Astronomers use the principles of physics and mathematics to learn about the universe and its components, including the sun, moon, planets, stars and galaxies. They also apply their knowledge to solve problems in navigation, space flight and satellite communications.
It’s a fascinating field, and one that highly in demand. In fact, the Bureau of Labor Statistics (BLS) predicts that the employment of physicists and astronomers will grow 16 percent during this decade, faster than the average for all occupations.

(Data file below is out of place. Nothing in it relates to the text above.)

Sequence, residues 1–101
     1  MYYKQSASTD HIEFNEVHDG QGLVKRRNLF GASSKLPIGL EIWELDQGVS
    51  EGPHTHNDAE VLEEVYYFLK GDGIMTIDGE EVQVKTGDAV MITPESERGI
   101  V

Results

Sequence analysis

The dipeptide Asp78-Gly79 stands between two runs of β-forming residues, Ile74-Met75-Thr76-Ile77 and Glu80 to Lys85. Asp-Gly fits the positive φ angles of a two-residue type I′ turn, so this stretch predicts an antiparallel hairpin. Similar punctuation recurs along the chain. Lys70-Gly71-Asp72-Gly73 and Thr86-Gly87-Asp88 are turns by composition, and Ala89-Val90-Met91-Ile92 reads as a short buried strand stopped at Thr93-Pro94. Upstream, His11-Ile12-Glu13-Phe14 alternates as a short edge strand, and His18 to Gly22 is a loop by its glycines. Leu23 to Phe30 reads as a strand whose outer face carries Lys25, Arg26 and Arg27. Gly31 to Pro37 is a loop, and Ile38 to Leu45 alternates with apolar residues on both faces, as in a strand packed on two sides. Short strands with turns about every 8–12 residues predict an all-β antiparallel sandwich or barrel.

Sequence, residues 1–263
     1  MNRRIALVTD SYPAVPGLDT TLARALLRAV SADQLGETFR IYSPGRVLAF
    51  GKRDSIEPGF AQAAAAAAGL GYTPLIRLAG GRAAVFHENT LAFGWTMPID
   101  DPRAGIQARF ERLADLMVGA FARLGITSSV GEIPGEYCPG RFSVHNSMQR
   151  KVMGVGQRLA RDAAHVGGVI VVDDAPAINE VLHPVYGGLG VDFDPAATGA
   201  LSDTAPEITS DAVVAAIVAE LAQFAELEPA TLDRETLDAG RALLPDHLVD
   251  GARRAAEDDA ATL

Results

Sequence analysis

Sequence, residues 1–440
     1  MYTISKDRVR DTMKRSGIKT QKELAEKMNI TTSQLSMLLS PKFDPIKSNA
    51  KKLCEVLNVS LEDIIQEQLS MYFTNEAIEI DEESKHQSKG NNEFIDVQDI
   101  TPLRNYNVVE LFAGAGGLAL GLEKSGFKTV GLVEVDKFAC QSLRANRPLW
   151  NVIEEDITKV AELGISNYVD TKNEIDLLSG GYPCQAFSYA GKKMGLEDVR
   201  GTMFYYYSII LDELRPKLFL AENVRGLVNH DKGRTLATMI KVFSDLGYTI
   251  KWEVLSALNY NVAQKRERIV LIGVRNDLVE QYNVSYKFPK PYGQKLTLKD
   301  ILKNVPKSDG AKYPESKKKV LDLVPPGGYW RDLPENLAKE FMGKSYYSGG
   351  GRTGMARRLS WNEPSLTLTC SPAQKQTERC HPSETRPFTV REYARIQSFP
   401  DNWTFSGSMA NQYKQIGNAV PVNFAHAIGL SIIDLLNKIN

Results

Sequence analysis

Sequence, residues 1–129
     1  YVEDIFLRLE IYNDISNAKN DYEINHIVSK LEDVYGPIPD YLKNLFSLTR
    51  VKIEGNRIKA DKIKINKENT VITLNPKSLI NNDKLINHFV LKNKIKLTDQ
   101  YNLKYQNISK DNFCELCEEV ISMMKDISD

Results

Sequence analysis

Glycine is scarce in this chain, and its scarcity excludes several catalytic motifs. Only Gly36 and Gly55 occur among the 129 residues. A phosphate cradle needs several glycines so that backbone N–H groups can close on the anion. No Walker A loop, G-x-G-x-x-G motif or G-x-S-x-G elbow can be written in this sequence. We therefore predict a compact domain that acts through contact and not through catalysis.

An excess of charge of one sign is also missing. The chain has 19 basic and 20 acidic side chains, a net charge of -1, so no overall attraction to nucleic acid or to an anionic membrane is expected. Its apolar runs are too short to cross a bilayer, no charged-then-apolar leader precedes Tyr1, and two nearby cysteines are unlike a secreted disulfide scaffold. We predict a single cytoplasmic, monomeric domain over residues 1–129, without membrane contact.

Much of this growth can be attributed to the America COMPETES Act, passed by Congress in 2007, which sets a goal to double funding for the physical sciences through the National Science Foundation and the Department of Energy’s Office of Science. Recent budgets for these agencies have seen large increases, and if this trend continues, it will result in more opportunities in basic research for physicists and astronomers.